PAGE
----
Breakfast at Tiffany's Reviews
The dialogue is naughty yet oblique enough for its time; Cat is cute and sad; George Peppard is dreamy as all-get-out; and Henry Mancini's iconic score is playful and mischievous. I prefer Marilyn Monroe to Audrey Hepburn in general, but I can't deny that the latter brings a level of sophistication and class that the former wouldn't have if she had been cast as Holly Golightly, which Truman Capote wanted her to be.
Seeing this again for the first time in a long time though has opened my eyes to an unsettling revelation: Holly Golightly is probably the first [gasp] Manic Pixie Dreamgirl! I've grown weary of the can't-be-tamed caged bird trope that has become a cliche pop culture identity with Karen Gillan's Amy Pond on "Doctor Who" and various other "too fucked up to love me" girls. I used to identify strongly with the winsome and mercurial Holly Golightly and she's still a rather complex and memorable character, but perhaps my impatience for the literary/filmic type has retroactively soured her for me.
I can see why this film is considered a classic: it's a sensitive and beautifully-shot love story that employs Mancini's soundtrack (read: Moon River) to a stunning effect. Hepburn is captivating in her career-defining role. But on the whole, I just couldn't get behind her. I wish that something in the film would tell me if that's ok. Should we root for her? Or should we see this as an indictment of upwardly-mobile American society? Should we see the ending as a sign that all any dreamer really needs is a swift kick in the pants?
It's almost a masterpiece - its best moments are among the best best moments in film history. But I can't develop any sympathy for Holly - like Paul, I think she needs to pull her head out of her behind and quit living as "a phony". Gorgeous film, entertaining, but one that leaves many more questions than answers.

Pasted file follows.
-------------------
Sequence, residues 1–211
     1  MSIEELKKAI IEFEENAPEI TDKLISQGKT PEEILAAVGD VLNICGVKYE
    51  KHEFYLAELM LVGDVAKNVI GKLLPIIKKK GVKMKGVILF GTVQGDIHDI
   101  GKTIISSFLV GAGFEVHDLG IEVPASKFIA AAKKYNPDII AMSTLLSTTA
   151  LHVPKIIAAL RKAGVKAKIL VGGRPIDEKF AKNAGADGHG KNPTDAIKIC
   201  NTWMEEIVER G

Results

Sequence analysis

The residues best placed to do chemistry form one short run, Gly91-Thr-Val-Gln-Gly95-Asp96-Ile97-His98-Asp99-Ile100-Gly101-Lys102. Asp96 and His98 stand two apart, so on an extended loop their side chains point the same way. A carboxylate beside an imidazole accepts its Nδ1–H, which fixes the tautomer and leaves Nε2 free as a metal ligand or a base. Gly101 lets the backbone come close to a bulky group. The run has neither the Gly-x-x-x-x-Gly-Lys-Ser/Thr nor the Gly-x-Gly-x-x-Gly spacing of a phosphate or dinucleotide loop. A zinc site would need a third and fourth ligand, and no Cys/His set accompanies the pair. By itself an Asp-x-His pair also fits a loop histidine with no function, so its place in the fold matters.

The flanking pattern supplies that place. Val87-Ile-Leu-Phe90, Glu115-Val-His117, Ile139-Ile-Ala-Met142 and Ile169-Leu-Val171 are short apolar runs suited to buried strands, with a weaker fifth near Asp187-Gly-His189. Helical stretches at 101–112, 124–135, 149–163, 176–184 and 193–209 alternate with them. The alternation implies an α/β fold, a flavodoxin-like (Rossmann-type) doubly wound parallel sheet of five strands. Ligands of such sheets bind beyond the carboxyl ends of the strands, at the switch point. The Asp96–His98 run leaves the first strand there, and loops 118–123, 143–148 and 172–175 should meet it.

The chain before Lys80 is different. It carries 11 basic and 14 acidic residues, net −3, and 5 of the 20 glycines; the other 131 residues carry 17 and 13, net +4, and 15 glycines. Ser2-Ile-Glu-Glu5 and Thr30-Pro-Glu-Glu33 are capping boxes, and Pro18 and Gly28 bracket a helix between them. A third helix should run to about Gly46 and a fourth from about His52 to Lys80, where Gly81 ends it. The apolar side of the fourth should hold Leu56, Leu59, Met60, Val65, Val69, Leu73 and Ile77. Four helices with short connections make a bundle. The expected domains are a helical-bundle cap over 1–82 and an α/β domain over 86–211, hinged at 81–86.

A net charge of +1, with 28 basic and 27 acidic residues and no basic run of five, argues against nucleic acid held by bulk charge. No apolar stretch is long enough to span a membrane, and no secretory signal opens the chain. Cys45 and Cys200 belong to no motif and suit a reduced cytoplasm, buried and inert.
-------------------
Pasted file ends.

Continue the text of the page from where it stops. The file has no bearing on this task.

Oh, and two final thoughts. (1) Mickey Rooney's character... wow. Racist. Reminds me of Long Duk Dong in Sixteen Candles... which brings me to (2): this is John Hughes's favourite film ever, right? It has to be...
Now this is what I like to see. Breakfast at Tiffany's is one of those classic movies that has a great legacy so many years later because it's just that good. This is the iconic Hepburn movie for a reason.
Audrey makes a great Holly Golightly, and it's even more impressive when you consider how different the outgoing, flighty character is from how the actress was in real life. Her chemistry on-screen with George Peppard is immediate, and makes the whole convoluted relationship between the two work. And immensely satisfying in the end.
Watching Breakfast at Tiffany's really highlights how pale in comparison these kinds of movies have become in recent years. Check it out. It leads you in a lot of different directions, and you'll enjoy every turn and twist.
Second watch: Okay, A LOT better than I originally thought.... Loved the story, I really want to read the book now! I loved the superficiality of class and wealth. However I wonder the cat was not listed in the cast, what an amazing cast. But Mickey Rooney as an Asian man is all kinds of racially offensive.... just saying...
It is first and foremost, very much a Capote novel. Underneath all of the crazy romantic scenarios, silly antics, bizzare characters and clever dialog, it is quite a dark and slightly disconcerting story.
Having said that, it is also very much the quintessentia Audrey Hepburn vehicle. Without her grace, beauty and charm, this would be a VERY different (much darker) film. As a matter of fact she comes across as almost TOO polished and refined to actually be the character she is portraying...but she's so delightful to watch that you will find yourself forgiving that fact and enjoy the experience.
It really is a good film, with a great cast and a sountrack that is to die for.
A young New York socialite becomes interested in a young man who has moved into her apartment building.
"Breakfast at Tiffany's" preserves an idyllic time and place in the American psyche, New York City between WWII and The Great Society. A time when being hip and urbane were accessible (and desirable) to the middle-class.
The film's two romantic protagonists are Holly Golightly, played wonderfully by Audrey Hepburn, and Paul Varjak, played by George Peppard in an understated performance that well complements Hepburn's. Holly is an aspiring socialite and party-girl looking for a wealthy sugar daddy. Paul is an aspiring writer and kept-man of a wealthy older woman. Neither is happy, but both go through the motions in a swirl of Manhattan parties and parings.
Everything falls nicely into place in this romantic-comedy; directing, musical score, acting, and screenplay. Filmed on location in New York this is a beautiful, captivating movie, that has not only aged well, but is a time machine to a wonderful place that probably really never existed except in our imagination.